Proverbs 15:15

ESV All the days of the afflicted are evil, but the cheerful of heart has a continual feast.
NIV All the days of the oppressed are wretched, but the cheerful heart has a continual feast.
NASB All the days of the needy are bad, But a cheerful heart has a continual feast.
CSB All the days of the oppressed are miserable, but a cheerful heart has a continual feast.
NLT For the despondent, every day brings trouble; for the happy heart, life is a continual feast.
KJV All the days of the afflicted are evil: but he that is of a merry heart hath a continual feast.

What does Proverbs 15:15 mean?

The contrast here is about how one perceives their circumstances. This is likely not meant as a comparison between success and suffering, but between despairing pessimism and godly trust. Perspective has great impact on one's happiness (Proverbs 15:13).

The word translated "evil" here is not always a reference to immorality; it can also mean something unpleasant or disastrous. Those who are perpetually "afflicted" are constantly miserable under the weight of their own negativity. They make the worst of every situation. Negative people constantly complain and never see a bright side in any circumstances. They are gloomy, negative, and seem bent on making life miserable for others.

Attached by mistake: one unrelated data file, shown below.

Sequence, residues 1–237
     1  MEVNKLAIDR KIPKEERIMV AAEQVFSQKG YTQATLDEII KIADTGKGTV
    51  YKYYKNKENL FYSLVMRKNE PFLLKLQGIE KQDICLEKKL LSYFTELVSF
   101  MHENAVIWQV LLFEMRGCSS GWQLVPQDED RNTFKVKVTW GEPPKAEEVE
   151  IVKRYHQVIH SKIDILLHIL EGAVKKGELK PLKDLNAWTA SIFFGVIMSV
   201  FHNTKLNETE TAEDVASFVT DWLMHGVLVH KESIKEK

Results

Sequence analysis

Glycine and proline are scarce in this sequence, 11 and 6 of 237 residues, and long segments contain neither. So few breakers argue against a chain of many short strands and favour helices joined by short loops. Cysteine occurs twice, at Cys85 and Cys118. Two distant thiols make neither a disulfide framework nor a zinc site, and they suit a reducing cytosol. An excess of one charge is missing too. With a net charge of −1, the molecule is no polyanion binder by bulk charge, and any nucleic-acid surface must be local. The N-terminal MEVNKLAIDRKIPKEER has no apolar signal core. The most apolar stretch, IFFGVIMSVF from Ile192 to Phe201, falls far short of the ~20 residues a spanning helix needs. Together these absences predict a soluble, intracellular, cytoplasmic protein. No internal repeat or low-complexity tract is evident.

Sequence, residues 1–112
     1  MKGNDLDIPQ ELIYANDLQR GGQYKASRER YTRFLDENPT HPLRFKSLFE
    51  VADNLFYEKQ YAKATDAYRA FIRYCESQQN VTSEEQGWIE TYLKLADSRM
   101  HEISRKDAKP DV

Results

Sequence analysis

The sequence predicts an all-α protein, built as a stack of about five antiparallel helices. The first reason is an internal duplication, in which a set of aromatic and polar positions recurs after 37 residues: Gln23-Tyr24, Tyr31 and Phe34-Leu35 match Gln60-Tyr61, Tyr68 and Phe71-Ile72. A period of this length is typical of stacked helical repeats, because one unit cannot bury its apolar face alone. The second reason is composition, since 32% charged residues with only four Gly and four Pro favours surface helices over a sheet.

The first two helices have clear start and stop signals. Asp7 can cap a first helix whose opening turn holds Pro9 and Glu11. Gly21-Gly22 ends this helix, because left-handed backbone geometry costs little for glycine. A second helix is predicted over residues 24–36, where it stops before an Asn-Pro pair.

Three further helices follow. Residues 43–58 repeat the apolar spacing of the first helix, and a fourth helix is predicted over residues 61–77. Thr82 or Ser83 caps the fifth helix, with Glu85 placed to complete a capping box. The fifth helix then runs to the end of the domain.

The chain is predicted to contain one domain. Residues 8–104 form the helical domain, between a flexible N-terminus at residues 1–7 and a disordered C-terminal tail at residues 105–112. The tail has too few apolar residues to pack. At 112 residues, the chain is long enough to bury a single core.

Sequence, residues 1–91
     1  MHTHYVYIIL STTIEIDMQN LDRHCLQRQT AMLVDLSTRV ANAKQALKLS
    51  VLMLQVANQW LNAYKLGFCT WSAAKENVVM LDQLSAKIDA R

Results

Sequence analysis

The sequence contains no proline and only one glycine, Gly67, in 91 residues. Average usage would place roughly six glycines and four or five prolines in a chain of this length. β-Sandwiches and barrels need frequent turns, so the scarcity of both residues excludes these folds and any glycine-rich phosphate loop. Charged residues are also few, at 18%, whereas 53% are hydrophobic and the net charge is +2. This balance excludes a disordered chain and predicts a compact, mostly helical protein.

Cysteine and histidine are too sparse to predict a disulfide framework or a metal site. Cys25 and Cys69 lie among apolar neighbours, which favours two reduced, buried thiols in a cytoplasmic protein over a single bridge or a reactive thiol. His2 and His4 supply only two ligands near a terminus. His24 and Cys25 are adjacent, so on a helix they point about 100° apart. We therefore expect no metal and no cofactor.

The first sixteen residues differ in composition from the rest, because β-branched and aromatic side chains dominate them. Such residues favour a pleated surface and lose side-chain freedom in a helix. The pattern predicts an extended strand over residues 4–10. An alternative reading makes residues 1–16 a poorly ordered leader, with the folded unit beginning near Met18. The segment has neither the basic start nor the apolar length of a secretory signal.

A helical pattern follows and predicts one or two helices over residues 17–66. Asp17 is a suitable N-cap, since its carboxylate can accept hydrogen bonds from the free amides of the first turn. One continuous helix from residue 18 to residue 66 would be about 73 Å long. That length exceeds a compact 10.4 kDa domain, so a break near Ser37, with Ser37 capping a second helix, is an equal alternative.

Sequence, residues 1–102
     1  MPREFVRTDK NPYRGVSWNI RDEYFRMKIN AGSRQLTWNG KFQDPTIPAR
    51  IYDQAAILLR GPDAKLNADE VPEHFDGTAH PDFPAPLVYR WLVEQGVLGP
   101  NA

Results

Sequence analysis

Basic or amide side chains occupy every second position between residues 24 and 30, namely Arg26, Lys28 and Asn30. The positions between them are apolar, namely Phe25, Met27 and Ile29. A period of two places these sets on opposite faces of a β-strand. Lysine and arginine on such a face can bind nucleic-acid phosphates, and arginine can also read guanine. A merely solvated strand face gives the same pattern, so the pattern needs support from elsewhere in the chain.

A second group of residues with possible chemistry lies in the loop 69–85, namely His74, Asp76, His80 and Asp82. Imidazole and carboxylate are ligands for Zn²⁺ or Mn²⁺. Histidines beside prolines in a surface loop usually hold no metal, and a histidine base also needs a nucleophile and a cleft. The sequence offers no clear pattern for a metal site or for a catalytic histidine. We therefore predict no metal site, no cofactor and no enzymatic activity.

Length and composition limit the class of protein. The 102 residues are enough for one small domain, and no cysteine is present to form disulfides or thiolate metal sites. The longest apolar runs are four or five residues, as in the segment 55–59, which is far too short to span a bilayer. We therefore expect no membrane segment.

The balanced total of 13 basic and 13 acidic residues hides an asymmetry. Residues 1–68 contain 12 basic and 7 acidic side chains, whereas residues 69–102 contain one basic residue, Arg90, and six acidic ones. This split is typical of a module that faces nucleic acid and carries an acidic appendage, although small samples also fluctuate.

Their counterparts are cheerful people. They may encounter difficult circumstances, but they find a sense of joy, even in adversity (1 Thessalonians 5:18). These cheerful individuals help others by encouraging them. They lift the spirits of their friends and associates. Barnabas was an encourager in the early church. Times were tough for many believers. They had come to Jerusalem from foreign countries and lacked jobs and income. But Acts 4:34–37 tells us "as many as were owners of lands or houses sold them and brought the proceeds of what was sold and laid it at the apostles' feet, and it was distributed to each as any had need. Thus Joseph, who was also called by the apostles Barnabas (which means son of encouragement), a Levite, a native of Cyprus, sold a field that belonged to him and brought the money and laid it at the apostles' feet."

A parallel interpretation of this verse is that even those who are afflicted—burdened with perpetual hardship—can experience constant joy if they maintain a cheerful heart.
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